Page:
Proof that good things come in small packages. If South Asia’s burgeoning micro-financing and micro-everything approach in business is any indication, a new business model will probably emerge and be adopted by large companies in pursuit of the large middle-to-lower consumers. It’s where the profits are. Companies like Unilever know that this is secret to growing their consumer base in emerging countries with large populations.
During the Asian Crisis in late 1990s, Unilever started paying more attention to supersmall packaging, putting everything from dish detergent to shampoo in small single-use sachets, which were sold at street-side stalls. That approach proved to work. And work well it did.
The TATA NANO (the world’s most inexpensive car), and other similar small vehicles from other automakers may take the above business model into the car market. Among them, Nissan is poised to compete head on with Tata Nano, with Nissan Nuvu, priced slightly higher, at around $3,000, and slated to make its debut some time in 2011.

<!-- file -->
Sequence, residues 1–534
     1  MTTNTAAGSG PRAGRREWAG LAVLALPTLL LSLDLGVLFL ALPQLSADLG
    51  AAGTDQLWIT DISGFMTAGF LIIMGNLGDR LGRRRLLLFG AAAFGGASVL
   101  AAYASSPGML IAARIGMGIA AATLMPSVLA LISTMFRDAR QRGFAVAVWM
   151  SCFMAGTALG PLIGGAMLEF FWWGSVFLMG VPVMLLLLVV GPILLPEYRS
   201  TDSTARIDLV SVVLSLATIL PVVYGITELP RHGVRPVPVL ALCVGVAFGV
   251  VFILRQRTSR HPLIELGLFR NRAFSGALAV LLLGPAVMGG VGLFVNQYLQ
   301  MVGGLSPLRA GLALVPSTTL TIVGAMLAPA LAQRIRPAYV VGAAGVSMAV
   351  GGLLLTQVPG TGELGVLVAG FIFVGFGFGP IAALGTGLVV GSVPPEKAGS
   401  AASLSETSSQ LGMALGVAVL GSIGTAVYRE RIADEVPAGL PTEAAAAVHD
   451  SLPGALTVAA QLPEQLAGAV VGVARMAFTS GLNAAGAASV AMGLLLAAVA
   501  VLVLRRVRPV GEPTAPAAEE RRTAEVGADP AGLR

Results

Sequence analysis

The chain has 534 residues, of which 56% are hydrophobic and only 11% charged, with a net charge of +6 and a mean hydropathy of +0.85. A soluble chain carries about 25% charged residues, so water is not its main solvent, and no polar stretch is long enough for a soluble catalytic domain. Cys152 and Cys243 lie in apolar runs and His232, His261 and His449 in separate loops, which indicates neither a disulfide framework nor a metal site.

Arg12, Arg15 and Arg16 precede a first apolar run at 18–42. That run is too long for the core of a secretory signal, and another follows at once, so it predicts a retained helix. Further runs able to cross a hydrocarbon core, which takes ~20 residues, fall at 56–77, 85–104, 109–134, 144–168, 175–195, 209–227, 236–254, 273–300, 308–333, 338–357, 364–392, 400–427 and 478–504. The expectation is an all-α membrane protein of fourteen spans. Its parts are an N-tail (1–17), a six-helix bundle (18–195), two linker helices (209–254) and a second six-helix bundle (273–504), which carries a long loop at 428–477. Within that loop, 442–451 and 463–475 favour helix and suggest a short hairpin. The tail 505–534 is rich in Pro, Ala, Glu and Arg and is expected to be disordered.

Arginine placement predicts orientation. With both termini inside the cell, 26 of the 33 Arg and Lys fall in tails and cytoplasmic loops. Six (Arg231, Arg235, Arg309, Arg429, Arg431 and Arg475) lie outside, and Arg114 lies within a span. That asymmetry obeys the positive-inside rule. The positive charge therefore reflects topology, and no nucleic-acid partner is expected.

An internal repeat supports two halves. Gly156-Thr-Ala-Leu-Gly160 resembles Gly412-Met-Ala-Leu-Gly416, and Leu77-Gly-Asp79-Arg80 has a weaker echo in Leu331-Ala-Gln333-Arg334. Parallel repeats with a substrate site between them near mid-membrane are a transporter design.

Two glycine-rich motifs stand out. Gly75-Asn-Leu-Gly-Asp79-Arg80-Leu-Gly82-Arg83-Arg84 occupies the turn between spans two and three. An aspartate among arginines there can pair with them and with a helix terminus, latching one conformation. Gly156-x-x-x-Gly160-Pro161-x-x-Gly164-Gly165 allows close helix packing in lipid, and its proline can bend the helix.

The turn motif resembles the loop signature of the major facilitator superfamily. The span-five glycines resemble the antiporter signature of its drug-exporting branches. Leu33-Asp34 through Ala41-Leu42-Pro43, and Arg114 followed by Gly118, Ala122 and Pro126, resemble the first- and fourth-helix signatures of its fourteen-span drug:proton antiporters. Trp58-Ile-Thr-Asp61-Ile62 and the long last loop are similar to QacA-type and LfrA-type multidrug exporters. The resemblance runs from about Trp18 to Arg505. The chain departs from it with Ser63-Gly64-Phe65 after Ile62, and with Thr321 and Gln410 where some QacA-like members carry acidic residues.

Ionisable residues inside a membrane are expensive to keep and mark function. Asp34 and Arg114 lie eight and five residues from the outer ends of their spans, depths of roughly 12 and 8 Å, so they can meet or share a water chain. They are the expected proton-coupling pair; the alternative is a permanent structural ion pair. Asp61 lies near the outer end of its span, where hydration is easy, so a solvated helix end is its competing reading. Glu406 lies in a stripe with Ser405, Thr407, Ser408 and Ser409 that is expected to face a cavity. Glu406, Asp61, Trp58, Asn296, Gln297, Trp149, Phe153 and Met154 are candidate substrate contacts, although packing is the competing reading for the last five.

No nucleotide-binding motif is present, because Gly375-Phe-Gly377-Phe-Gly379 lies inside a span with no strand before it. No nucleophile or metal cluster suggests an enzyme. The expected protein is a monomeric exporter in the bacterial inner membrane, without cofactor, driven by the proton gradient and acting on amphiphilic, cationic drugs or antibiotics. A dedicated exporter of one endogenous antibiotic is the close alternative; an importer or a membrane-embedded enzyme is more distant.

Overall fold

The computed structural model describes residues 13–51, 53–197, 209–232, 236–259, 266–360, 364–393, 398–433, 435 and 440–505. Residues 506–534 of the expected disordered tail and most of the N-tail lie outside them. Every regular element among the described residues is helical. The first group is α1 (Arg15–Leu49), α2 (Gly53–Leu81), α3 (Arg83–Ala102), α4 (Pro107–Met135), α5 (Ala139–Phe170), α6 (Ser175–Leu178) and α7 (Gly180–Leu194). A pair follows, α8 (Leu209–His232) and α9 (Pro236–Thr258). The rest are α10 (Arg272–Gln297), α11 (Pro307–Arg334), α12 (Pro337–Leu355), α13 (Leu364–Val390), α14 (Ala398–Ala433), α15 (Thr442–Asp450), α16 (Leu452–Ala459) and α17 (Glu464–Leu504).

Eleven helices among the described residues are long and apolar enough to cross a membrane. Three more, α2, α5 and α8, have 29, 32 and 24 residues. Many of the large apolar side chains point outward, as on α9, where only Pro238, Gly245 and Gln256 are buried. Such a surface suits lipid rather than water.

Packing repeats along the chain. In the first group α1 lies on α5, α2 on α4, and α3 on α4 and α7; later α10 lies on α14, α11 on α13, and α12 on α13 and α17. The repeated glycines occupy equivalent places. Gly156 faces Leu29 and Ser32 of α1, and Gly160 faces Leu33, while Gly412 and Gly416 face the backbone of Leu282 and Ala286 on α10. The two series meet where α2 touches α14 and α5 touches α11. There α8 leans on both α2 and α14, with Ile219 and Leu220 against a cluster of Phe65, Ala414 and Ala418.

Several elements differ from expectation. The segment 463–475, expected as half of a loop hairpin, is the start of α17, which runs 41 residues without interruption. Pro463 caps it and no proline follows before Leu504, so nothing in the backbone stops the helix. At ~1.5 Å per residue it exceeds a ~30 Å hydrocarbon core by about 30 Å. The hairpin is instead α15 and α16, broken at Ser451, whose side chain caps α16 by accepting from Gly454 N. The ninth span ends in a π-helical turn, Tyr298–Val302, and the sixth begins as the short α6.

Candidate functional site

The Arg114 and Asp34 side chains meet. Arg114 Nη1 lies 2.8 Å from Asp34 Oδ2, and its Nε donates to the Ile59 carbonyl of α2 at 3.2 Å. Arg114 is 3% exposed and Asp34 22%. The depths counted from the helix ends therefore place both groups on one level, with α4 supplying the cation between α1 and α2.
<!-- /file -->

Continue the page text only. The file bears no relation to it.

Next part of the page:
The following pictures are of the electric-powered Nissan Nuvu from the Paris Motor Show, the one aimed for India will be loosely based on this model, albeit paired down. Nissan will build it in collaboration with India’s Bajaj Auto Ltd.
Nissan’s upcoming $3,000 Tata Nano rival for the Indian market is expected to increase the company’s profitability as it takes advantage’s of its local partner’s, Bajaj Auto Ltd., low-cost production techniques.
Gilles Normand, Nissan’s corporate vice president in charge of Africa, the Middle East and India, said that while in talks with Bajaj, the company “discovered that their margin on three-wheeler activities is by far above our current margin on our four-wheeler activities.” He said that “the low-cost car will contribute to our growth in terms of volume and profitability.”
The subcompact vehicle, expected to debut in 2011, will go on sale in India in 2012. The $3,000 price-tag is being kept as a goal to stay competitive with the Tata Nano.
About 50 percent of the Indian four-wheel auto market consists of models priced below $8,000, Normand said.
Inspiration: EGM Cartech